Hockey Night In Canada Stanley Cup Playoffs 2011

Washington celebration gives Caps pause

Categories: Tampa Bay Lightning, WSH vs. TAM, Washington Capitals

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Jason Chimera of Washington, right, was among those surprised to learn about the major news coming from the White House late Sunday. (NIck Wass/Associated Press) Jason Chimera of Washington, right, was among those surprised to learn about the major news coming from the White House late Sunday. (NIck Wass/Associated Press)

Forgetting about hockey for a moment

When the news broke Sunday night that September 11 mastermind Osama bin Laden had been killed, the Lightning and Capitals were just getting done with Game 2, won in overtime by Tampa Bay's Vinny Lecavalier. Down the street from Verizon Center thousands gathered at the White House to celebrate while Capitals players went home to discover the news.

While Bruce Boudreau was set to be on one of the planes that went into the World Trade Center, the coach said: "I'm not thinking about that right now. I'll let the rest of the world think about it."

Jason Chimera, however, said his world stopped for at least a short time.

"You kinda forget about the game for a bit. It's pretty drastic news, that's for sure," Chimera said. "I remember [9/11] vividly. I was in Canada at the time but you kinda were just in shock and awe at what happened. Your hearts went out to the families and kinda hopefully that brings a little bit of peace to those people."

Rest for the victorious

Guy Boucher had planned to give his team a day off from practice Monday regardless of Game 2's outcome.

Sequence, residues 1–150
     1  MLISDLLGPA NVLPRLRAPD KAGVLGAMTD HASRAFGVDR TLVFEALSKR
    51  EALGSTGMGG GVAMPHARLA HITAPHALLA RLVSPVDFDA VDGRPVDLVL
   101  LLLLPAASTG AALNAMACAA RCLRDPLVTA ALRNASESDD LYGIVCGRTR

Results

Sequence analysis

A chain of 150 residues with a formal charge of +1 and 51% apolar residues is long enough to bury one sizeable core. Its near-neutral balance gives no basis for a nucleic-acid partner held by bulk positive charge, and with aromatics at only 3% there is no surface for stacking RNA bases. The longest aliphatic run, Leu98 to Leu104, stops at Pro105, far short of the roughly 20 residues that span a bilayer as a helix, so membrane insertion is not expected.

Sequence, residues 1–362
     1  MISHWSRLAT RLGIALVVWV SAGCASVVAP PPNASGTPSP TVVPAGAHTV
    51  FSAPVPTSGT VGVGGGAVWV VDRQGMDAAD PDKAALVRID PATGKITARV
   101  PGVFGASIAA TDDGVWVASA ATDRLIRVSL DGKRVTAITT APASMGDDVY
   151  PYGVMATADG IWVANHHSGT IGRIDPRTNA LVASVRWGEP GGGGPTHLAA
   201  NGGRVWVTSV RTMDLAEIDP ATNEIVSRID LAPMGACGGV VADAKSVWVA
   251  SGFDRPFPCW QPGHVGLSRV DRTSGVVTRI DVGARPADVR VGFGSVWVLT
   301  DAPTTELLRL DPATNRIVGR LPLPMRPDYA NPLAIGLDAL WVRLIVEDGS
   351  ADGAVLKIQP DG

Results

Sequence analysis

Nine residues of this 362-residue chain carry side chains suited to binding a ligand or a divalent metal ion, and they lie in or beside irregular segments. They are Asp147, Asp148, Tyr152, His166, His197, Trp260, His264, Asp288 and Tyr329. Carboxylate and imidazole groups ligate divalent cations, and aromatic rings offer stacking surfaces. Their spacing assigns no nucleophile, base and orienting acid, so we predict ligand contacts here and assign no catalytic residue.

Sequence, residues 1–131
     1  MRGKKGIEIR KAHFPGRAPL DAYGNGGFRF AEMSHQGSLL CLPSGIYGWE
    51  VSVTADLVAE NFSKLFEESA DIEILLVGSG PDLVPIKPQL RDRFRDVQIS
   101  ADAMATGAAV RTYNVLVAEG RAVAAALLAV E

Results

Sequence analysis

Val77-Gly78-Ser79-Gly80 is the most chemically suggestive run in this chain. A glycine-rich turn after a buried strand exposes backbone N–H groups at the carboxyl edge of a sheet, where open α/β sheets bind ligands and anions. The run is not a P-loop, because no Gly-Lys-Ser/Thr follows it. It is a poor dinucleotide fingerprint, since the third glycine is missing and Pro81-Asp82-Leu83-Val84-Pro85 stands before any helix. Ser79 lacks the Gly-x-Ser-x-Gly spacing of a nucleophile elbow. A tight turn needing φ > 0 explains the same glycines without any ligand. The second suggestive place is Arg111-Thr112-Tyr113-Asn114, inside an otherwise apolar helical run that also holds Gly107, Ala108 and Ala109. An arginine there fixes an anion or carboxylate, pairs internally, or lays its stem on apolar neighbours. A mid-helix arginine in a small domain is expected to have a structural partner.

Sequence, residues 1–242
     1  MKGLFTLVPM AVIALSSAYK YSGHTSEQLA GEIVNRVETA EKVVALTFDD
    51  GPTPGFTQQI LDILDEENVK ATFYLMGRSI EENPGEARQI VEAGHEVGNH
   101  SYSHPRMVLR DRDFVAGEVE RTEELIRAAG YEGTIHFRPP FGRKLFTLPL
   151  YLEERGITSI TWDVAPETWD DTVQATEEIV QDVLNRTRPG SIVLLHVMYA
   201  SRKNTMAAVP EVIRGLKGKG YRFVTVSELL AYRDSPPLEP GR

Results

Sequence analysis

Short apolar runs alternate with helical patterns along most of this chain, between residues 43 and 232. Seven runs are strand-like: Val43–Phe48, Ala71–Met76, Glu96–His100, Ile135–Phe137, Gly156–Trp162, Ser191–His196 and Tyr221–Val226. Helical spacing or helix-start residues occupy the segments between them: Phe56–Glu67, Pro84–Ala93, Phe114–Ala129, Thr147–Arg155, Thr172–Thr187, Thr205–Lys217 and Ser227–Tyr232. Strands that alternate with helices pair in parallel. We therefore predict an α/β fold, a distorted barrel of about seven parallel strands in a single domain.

"We are going to need a lot of energy, a lot of energy that we know the other team has,'' he said. "We need rest. Rest is a weapon."

So Tampa Bay's coach said he didn't want to see his players until Tuesday, when they're set to gather for a team meeting. No practices the rest of the way, Boucher said, as he wants the Lightning to concentrate on game action.

Vinny comes up big

In one of the biggest spots this season for the Lightning, their captain cashed in on his opportunities. Lecavalier took just three shots Sunday night but produced two goals - one on the power play to open the scoring and one on an odd-man rush to close out the game.

Boucher wasn't surprised at the big games turned in by Lecavalier and Marty St. Louis.

"They're character guys," Boucher said. "Our top guys are character guys, and I have a lot of respect for them."

Change between pipes?

Michal Neuvirth's stats are impeccable - a .928 save percentage and 1.77 goals-against average - and he really couldn't be blamed for any goal surrendered Sunday night.

Yet there are whispers that Semyon Varlamov could get the start in Game 3 Tuesday night at Tampa Bay. It would likely be change for the sake of change and could be a mistake of epic proportions for Boudreau. Neuvirth has been the one constant during the Capitals' first seven games, and Varlamov hasn't played since April 6.

Killing instinct

Boucher said after Game 1 he'd be "shocked" if the Capitals didn't score on the power play in the second matchup in Washington. They didn't, and now the Lightning have killed off 45 of 46 penalties in these playoffs. The coach credited Dwayne Roloson and luck for Sunday night's success but again thinks the Capitals will get it together.

"We're expecting the next game that they're gonna give us their best, obviously on the power play," he said.

Turning the tables

Down  2-0 in games, the Capitals are under pressure. There's no doubt about that. But players are confident that they can use the adversity they've gone through this season (including an eight-game skid) to bounce back. And some are even deflecting the pressure onto the Lightning.

"It's a little bit of pressure on them," Washington defenceman Karl Alzner said. "I'm sure they want to go close this thing as soon as they possibly can so we have to get them thinking too far ahead and maybe catch them sleeping."

Stephen Whyno covers the Capitals for The Washington Times.